Examples III-IV

A rod of the chalcogenide glass Ge17As23Se14Te46 was formed having dimensions of 10 mm in diameter and 15 cm in length. The rod was prepared from high-purity (5-6N) Ge, As, Se and Te elements, from Alfa Easar, Ward Hill, Mass., using conventional sealed-ampoule melt-quenching techniques. In this process, the materials were weighed and placed into a quartz tube under a nitrogen atmosphere. The tube was heated to 330° C. for an hour at a rate of 1° C./min under vacuum in order to remove surface oxides.

An ampoule was formed by sealing the tube under vacuum at a pressure of ˜10 −5 Torr. The ampoule was then heated to 950° C. at a rate of 2° C./min in a rocking furnace for 18 hours, while held vertical, and then rocked for 6 hours to increase mixing and homogenization. The resulting glass liquid was then cooled to 710° C. in the rocking furnace and then quenched in cold water. Subsequently, it was annealed for 30 minutes near the glass-transition temperature of the material, Tg ˜190° C., before being cooled gradually to room temperature.

A thermal sensing fiber in accordance with the invention was produced with this GAST rod by assembling a preform and drawing the preform into a fiber in the manner described above. The preform was assembled, 26 mm in diameter and 25 cm-long, in the manner of FIG. 12. The synthesized GAST glass core was contacted by four conduits of the alloy 96% Sn-4% Ag. This alloy is characterized by a melting temperature of between about 221° C. and about 229° C. The conduits and GAST rod were encapsulated in a protective cladding of Polysulfone from Ajedium Film Group LLC, Newark, Del. The preform was consolidated for 60 minutes at 230° C. under a vacuum of about 10−3 Torr in a three-zone horizontal-tube furnace while rotating the preform around its axis. Subsequently, the preform was drawn in a three-zone vertical-tube furnace with the top-zone temperature between 165° C. and 200° C., and the middle-zone temperature at 270° C.

The thermal response of the chalcogenide GAST semiconductor was characterized in two forms, namely, bulk form and fiber form. To obtain the bulk form, a bulk sample was prepared by cutting a disk of 6.5 mm in diameter and 1.3 mm in thickness from the synthesized GAST rod. Measurements on this sample were carried out to provide information relating to the intrinsic properties of the glass. To obtain the fiber form, a 9 cm-long fiber section, having a 1150 μm outer diameter, was cut from the drawn length of fiber. Measurements on the fiber section were carried out to provide information relating to properties of the glass as-incorporated into a fiber device after thermal drawing of the fiber.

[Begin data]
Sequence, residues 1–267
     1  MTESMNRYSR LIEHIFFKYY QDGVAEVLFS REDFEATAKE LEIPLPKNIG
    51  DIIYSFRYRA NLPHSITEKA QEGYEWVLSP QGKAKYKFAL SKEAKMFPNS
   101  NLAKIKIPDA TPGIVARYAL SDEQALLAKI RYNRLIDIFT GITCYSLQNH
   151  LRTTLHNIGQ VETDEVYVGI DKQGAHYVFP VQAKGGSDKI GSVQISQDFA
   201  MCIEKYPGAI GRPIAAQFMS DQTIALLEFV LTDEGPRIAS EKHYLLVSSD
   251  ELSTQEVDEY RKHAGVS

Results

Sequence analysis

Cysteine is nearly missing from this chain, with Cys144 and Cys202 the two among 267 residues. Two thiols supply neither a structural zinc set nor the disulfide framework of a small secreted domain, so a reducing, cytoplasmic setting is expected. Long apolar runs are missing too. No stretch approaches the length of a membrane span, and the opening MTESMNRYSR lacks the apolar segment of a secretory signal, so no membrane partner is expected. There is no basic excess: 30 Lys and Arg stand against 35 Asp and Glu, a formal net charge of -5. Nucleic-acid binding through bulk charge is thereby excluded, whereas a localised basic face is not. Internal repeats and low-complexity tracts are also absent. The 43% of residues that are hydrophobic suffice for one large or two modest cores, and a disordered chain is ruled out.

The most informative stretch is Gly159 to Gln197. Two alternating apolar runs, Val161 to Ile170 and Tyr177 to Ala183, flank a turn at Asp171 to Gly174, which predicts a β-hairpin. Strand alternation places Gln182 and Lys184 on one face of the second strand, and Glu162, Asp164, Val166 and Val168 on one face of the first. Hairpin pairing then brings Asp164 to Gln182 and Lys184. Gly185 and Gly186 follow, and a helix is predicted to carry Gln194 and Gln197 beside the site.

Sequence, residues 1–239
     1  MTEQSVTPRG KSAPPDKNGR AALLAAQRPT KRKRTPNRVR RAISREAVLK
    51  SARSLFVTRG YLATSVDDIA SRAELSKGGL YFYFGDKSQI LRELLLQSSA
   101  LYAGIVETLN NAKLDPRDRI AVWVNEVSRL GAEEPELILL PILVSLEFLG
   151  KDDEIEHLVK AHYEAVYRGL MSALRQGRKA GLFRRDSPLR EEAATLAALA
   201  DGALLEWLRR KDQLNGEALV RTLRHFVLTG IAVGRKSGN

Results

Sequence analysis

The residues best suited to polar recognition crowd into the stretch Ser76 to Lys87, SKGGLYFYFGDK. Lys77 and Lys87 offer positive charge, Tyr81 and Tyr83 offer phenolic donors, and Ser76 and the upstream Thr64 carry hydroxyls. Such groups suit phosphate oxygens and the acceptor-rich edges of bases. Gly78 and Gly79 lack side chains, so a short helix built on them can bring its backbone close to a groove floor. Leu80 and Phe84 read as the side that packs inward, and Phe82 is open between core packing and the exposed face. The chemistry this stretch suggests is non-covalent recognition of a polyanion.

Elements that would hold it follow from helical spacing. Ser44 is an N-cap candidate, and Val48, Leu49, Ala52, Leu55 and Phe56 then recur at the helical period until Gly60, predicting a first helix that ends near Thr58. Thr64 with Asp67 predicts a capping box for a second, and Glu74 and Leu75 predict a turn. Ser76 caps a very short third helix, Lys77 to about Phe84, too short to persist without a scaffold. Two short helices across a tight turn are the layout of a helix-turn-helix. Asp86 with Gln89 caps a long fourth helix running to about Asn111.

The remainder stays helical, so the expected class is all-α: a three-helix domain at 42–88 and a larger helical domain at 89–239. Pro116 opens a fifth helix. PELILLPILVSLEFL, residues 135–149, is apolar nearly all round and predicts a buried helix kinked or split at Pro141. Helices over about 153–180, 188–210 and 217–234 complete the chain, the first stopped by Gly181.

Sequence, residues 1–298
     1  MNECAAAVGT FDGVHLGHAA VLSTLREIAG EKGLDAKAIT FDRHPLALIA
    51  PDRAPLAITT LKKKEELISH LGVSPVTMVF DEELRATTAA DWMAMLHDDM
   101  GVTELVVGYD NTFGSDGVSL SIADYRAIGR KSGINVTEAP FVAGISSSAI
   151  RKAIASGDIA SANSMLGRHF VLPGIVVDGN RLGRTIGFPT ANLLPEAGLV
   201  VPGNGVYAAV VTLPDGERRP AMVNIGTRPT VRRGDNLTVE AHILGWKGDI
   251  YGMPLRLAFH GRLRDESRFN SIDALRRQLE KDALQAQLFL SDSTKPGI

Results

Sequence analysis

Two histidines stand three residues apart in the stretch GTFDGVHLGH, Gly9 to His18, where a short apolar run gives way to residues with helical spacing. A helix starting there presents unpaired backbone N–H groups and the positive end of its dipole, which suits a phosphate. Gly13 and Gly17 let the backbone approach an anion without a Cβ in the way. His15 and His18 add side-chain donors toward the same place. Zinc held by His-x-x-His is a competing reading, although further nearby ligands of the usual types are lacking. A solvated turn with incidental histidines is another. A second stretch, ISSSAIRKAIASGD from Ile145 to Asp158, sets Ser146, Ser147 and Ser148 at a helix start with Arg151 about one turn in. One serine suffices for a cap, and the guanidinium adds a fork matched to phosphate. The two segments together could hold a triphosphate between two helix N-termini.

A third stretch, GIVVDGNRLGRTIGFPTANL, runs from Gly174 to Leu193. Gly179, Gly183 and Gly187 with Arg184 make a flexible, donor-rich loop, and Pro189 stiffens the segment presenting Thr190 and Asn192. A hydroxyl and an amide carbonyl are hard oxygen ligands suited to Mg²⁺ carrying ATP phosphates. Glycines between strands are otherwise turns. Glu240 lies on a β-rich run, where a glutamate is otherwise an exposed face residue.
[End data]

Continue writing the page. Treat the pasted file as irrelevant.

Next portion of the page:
Both cross-sectional faces of the bulk sample were polished and then coated with a silver paint for making electrical contact with the sample. The thermal sensing fiber was adapted for ease of experimental set up by exposing the longitudinal surface of the electrodes through the fiber cladding for making electrical contact with the electrodes. The fiber polymer cladding was removed at the location of the electrodes at an end of the fiber, and the electrodes were coated with silver paint.

Both the bulk sample and the fiber section were placed in a Pyrex tube surrounded by an electrical resistive heater. The temperature of the tube was measured by means of a K-type thermocouple placed inside the tube alongside the bulk sample and fiber section. Measurements below room temperature were carried out by placing the bulk sample, fiber section, and the thermocouple in cold water.

The electrical resistances of the two samples were measured as a function of temperature using a Keithley 2000 multimeter, from Keithley Instruments, Inc., Cleveland, Ohio. FIG. 13A is a plot of measured resistance as a function of temperature for the bulk GAST sample and the thermal sensing fiber section. The inset in the figure is a plot of resistance of the fiber sample as a function of temperature, plotted on a linear scale. It is clear from the curves of FIG. 13A that the resistances of the two samples are well-described by the exponential relation for resistance, R, given in Expression (1) above. This behavior was found to be maintained over almost 4 orders of magnitude of the resistance values. Measurements of the bulk sample yielded a room temperature resistivity of 2.3×106 Ω-cm for the synthesized GAST glass.

As explained above, the bandgap energy of a material is typically twice ΔE. The measurements yield a value of ΔE=0.58 eV for both the bulk sample and the fiber section. This indicates that the activation energy of the synthesized GAST chalcogenide glass was not changed by the thermal fiber drawing process. This measured value of ΔE is consistent with previously reported measurements for similar compositions of GAST glasses: Ge15As35Se10Te40 having ΔE=0.45 eV and Ge15As25Se15Te45 having ΔE=0.5 eV.